Everything You Think You Know About the Benefits of Marrying Is Wrong: The Evidence

Earlier in my research life, I studied the psychology of lying and detecting lies. I knew nothing about the academic research on single life or marriage. I just knew the media narrative proclaiming that if only single people would get married, they would be happier, healthier, live longer, and forever enjoy sugar and spice and everything nice. Even though I loved living single myself (except for all of the stereotyping, stigmatizing, and discrimination that I call singlism), I had no reason to disbelieve the conventional wisdom. Until, that is, I actually started reading the original research reports on marital status and life outcomes. I was stunned to find that the many claims about the supposedly transformative effects of getting married were almost always exaggerations, misrepresentations, or just plain wrong. Setting the record straight was one of my motivations for writing Singled Out.

Since that book was published, media claims about the supposed benefits of marrying just keep coming. I have continued to critique one claim after another. Each time, I study the original research report rather than simply relying on press releases. It is amazing what you can find when you actually read the academic articles.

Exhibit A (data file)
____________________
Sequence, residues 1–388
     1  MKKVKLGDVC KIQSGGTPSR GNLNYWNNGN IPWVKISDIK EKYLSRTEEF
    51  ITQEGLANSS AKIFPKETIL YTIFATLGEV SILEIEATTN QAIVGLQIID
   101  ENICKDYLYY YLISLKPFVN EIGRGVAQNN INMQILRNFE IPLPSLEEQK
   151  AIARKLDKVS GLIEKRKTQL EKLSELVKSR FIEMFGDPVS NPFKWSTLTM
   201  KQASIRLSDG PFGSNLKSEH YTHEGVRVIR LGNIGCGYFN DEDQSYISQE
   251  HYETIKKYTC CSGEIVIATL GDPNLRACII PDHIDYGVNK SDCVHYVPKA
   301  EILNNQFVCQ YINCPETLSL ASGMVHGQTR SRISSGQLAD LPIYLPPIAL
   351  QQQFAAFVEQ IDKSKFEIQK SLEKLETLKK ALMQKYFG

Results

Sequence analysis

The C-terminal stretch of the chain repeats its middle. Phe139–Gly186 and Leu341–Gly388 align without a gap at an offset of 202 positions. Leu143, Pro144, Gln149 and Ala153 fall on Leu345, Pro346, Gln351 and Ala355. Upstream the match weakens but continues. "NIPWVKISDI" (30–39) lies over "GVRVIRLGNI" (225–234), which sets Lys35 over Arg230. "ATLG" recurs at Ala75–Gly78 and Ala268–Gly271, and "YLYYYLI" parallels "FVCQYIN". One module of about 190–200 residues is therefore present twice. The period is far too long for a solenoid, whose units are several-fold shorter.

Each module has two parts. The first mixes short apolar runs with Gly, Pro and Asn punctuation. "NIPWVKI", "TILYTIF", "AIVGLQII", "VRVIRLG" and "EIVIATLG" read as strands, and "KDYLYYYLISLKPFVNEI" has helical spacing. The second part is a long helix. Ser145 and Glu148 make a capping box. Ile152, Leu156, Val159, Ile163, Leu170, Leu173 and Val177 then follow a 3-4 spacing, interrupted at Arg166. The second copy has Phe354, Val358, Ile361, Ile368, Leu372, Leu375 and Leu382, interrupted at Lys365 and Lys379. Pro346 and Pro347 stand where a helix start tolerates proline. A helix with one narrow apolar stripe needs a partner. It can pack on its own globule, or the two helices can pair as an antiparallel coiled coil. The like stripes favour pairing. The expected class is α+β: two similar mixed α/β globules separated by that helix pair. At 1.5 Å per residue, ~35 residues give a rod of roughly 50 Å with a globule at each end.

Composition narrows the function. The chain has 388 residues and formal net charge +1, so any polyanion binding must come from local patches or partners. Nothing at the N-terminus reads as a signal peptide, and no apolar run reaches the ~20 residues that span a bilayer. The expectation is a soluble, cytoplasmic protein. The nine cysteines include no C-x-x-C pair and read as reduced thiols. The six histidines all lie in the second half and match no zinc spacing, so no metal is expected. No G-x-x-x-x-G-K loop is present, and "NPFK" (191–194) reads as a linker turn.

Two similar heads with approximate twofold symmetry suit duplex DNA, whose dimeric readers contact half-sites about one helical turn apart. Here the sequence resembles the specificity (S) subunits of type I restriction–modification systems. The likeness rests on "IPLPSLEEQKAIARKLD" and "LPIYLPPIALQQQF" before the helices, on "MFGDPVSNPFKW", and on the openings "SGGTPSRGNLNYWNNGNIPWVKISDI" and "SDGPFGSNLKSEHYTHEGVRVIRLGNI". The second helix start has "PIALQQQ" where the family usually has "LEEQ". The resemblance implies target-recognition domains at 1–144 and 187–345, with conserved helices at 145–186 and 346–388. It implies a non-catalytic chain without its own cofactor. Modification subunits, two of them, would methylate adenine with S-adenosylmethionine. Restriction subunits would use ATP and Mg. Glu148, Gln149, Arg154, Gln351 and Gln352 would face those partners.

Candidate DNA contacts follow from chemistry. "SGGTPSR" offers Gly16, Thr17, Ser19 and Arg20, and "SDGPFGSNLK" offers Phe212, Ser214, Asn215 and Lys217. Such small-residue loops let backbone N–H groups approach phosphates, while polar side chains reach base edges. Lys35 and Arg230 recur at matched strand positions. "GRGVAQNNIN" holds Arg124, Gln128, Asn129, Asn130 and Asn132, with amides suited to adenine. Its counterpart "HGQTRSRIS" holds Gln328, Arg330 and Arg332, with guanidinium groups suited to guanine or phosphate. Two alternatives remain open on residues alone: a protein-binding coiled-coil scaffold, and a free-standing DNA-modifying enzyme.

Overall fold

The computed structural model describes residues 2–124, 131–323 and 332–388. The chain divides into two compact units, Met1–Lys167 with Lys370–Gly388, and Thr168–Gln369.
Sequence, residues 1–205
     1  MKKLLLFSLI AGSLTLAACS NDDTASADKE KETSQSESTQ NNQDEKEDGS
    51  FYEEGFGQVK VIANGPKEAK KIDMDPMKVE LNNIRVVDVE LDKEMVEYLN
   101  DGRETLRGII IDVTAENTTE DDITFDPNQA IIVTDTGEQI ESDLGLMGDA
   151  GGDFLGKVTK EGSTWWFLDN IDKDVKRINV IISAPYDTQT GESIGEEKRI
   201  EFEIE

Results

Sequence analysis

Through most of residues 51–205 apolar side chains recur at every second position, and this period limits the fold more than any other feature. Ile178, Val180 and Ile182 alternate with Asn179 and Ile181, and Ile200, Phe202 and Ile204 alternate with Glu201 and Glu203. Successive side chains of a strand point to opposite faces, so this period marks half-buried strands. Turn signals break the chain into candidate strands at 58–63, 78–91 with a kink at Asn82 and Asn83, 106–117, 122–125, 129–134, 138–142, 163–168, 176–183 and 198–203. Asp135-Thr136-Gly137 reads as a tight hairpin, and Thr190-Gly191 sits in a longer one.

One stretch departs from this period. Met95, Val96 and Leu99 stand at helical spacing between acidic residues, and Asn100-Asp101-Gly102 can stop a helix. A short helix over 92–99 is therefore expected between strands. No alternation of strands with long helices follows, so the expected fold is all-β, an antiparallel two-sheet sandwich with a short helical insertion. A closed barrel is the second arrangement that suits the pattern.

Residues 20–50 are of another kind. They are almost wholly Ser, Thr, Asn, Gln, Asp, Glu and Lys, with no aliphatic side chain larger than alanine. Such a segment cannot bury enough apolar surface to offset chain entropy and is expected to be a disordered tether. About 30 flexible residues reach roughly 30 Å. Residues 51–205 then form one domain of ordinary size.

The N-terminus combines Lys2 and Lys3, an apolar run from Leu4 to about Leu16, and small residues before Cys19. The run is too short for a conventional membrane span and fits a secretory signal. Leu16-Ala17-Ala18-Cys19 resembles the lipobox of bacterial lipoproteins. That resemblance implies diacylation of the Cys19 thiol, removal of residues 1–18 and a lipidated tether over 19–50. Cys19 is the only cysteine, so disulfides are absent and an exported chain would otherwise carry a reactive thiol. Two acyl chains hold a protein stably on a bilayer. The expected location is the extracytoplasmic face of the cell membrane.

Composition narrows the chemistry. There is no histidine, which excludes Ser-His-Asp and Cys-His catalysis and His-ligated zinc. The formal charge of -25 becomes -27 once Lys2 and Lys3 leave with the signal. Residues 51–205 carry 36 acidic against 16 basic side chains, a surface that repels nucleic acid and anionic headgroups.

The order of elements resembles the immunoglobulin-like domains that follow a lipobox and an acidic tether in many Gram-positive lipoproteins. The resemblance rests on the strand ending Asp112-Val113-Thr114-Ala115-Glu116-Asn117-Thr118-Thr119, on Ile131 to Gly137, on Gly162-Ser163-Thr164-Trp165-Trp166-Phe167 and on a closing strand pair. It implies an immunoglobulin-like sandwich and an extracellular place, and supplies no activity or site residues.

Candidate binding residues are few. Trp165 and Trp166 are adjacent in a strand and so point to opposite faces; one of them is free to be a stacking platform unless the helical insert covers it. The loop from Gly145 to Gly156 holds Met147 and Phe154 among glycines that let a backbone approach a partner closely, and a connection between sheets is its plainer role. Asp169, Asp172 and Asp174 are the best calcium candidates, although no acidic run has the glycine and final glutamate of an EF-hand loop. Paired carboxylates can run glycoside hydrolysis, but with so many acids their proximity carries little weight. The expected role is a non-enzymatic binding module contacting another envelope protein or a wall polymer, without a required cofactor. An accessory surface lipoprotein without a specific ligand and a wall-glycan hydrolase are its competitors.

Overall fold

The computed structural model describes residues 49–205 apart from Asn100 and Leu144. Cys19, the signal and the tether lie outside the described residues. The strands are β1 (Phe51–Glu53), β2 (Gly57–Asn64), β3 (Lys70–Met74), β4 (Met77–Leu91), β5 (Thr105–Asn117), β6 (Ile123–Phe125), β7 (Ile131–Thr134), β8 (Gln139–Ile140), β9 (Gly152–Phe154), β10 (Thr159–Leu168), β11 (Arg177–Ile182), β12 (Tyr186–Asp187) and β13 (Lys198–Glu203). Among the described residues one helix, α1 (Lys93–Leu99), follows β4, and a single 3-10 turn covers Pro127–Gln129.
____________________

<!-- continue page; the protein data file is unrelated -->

I have been collecting my critiques (and some of my other writings) and organizing them by topic. Below are the ones I have so far. (You may need to scroll down after clicking each link.)

On getting married and (not) getting happier: What we know

Getting married and (not) getting healthy: What decades of research really shows

Debunking the myth that married people live longer

The Myth of the Isolated and Self-Centered Single Person: Who Really Is More Connected and More Likely to Provide Care?

Single parents and their children: Don’t believe the prophesies of doom

Getting married and (not) getting sex

Getting married and getting more money

Other Topics

Single at heart: What do we know about it?

Single men are too often marginalized, but not – I hope – by me

The new science of living alone: Here’s a lot of what we know

What’s great about solitude: Here’s what we know

What do we know about the experiences of singles around the world?

Singles in the military and foreign service: Voices and perspectives

Is it fair for businesses to charge singles more? Examples from many sectors

Friendship in single life and in all of our lives

Here’s what I know about lying and detecting lies (Obviously, this last one is not about single life)

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